Many times in life we are impatient. We just don’t want to wait in a line at the grocery store, gift shop, Auto Bureau, bank, gas station or at a red light. We can’t imagine something wonderful happeningÐlike someone “paying it forward” for us, or having a delightful conversation, or just thanking God for the clerk who is taking care of us. I know, though, you are never impatient with Mass going a little longer on the weekend or if a Confessional line is too long.
When we think of God, we often think that our God is too slow in answers to prayer. But we may also think, are we too slow to listen to God more? So, as we emphasize the waiting for the Messiah during Advent, let us thank the Lord for the many times our prayers have been answered, and sometimes very quickly.
By the way, I’ll be waiting for you as I hear Confessions this Tuesday, Wednesday and Saturday.
Love & Prayers,
CONFESSIONS THIS WEEK
Tuesday 4:15 to 4:45; Wednesday 7:50 to 8:30 pm; Saturday 3:45 to 4:30
Wednesday, Dec. 8th is the Solemnity of the Immaculate Conception, our national church feast day. Masses will be celebrated on Tues. Dec. 7th at 5pm, preceded by Confessions from 4:15 to 4:45. Dec. 8th Masses at 8AM & 7PM. National Night of Prayer for Life, with Eucharistic Adoration, asking Mary to intercede for us through her Son, for a return to respect for all life, will be observed in Church this Wednesday from 7:45 to 10PM. Confessions will be heard from 7:50 to 8:30 PM.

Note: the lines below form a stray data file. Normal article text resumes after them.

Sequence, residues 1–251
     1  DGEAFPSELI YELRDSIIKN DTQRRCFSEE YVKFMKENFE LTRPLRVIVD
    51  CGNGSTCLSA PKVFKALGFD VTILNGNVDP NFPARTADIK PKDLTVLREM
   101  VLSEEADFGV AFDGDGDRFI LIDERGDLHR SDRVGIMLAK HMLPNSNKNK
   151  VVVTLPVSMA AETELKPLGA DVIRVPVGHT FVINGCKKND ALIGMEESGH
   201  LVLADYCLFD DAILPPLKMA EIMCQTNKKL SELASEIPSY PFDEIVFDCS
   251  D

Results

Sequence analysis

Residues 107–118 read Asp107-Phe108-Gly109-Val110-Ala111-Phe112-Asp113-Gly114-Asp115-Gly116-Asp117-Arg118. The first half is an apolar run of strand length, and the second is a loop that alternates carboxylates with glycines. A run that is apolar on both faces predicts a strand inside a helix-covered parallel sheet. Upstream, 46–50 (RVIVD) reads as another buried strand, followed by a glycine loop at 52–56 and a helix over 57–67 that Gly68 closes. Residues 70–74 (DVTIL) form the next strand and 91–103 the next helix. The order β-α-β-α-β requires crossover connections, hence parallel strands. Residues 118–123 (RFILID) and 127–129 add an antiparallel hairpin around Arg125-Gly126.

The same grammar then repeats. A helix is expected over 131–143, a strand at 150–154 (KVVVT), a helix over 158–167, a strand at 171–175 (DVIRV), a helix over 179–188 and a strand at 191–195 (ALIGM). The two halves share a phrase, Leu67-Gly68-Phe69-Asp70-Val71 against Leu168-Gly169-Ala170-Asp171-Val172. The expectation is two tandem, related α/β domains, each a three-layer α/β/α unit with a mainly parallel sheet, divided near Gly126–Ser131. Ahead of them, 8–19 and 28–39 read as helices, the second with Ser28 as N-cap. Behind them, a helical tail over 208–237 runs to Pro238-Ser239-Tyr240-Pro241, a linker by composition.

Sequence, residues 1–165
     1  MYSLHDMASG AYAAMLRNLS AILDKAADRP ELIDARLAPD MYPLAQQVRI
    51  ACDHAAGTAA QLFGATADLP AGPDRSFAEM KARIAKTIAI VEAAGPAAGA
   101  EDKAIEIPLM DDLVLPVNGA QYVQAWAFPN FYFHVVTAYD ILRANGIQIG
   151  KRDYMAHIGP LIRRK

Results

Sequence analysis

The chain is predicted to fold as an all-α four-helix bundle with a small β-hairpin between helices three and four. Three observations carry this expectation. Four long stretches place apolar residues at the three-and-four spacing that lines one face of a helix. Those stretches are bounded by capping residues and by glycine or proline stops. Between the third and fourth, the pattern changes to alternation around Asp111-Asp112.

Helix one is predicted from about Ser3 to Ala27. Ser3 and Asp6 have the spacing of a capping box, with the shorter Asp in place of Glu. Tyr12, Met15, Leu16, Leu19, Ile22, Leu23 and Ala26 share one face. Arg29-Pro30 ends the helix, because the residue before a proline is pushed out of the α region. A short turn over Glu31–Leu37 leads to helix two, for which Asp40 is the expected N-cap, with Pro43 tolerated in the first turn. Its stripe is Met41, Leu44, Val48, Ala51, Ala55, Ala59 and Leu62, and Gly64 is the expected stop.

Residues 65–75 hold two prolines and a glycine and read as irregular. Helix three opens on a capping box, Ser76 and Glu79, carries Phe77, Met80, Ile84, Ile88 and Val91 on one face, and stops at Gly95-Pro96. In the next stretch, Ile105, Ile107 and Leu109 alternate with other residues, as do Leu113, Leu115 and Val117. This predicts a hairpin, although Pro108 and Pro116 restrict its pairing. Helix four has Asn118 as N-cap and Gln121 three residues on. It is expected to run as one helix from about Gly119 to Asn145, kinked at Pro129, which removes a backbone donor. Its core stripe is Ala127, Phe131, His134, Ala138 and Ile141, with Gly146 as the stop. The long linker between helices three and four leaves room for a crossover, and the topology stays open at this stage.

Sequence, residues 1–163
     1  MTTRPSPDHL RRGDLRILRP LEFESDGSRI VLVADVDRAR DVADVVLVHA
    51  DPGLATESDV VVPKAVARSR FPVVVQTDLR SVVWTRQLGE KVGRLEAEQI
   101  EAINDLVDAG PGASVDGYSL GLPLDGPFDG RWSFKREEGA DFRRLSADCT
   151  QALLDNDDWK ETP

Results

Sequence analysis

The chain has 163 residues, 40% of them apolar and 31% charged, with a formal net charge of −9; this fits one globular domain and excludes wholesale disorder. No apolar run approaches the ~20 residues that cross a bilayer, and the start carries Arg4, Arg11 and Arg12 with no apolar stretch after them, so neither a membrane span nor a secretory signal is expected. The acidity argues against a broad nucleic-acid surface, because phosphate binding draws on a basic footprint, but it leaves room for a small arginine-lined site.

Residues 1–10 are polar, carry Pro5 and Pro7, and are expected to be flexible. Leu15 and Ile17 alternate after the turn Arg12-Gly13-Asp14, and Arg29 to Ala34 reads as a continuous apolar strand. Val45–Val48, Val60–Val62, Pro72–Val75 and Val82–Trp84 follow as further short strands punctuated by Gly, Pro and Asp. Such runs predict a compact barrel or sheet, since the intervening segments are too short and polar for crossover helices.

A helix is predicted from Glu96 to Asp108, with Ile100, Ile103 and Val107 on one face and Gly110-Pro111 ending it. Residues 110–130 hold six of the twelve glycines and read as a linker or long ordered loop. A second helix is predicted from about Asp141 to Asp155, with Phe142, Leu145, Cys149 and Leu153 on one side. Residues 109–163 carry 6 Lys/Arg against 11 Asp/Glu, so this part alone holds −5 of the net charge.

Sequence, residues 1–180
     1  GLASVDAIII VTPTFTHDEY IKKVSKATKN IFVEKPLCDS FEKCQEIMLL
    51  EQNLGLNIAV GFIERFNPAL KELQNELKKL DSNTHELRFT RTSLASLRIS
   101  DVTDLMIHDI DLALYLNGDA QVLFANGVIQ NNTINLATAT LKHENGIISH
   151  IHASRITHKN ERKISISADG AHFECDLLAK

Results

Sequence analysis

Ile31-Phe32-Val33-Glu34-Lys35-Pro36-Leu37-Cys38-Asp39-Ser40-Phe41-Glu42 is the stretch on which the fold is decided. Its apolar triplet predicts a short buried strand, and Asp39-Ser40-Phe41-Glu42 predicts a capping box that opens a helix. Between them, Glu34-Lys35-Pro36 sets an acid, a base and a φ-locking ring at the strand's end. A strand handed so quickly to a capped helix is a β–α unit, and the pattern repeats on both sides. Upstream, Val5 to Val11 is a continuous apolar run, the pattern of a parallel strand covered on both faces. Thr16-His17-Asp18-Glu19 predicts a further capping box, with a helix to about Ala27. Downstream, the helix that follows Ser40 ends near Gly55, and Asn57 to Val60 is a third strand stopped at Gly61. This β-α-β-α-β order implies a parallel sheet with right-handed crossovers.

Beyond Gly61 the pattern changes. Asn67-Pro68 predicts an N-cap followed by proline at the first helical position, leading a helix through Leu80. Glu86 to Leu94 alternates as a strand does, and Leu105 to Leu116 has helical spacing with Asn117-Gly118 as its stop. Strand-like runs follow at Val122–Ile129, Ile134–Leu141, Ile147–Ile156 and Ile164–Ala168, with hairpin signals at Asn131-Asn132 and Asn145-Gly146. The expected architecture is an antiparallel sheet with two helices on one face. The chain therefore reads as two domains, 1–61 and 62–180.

Next weekend, Dec. 11.12, the 2nd Collection will be taken up for the Retirement Fund for the Religious. Please join in thanking the thousands of senior Catholic sisters, brothers, and religious order priests who worked tirelessly to educate the young and serve those in need. Now they are in need.
To watch Mass via Livestream click on the image below.
PLEASE NOTE: Recorded Masses are now available on our parish YouTube channel. These Masses may be edited due to copyright restrictions. They can be accessed by going to YouTube.com and typing Holy Family Parish Albion NY in the search bar. Right now the image is a blue circle with an H in the center. If there are accessing issues, please send an email to firstname.lastname@example.org.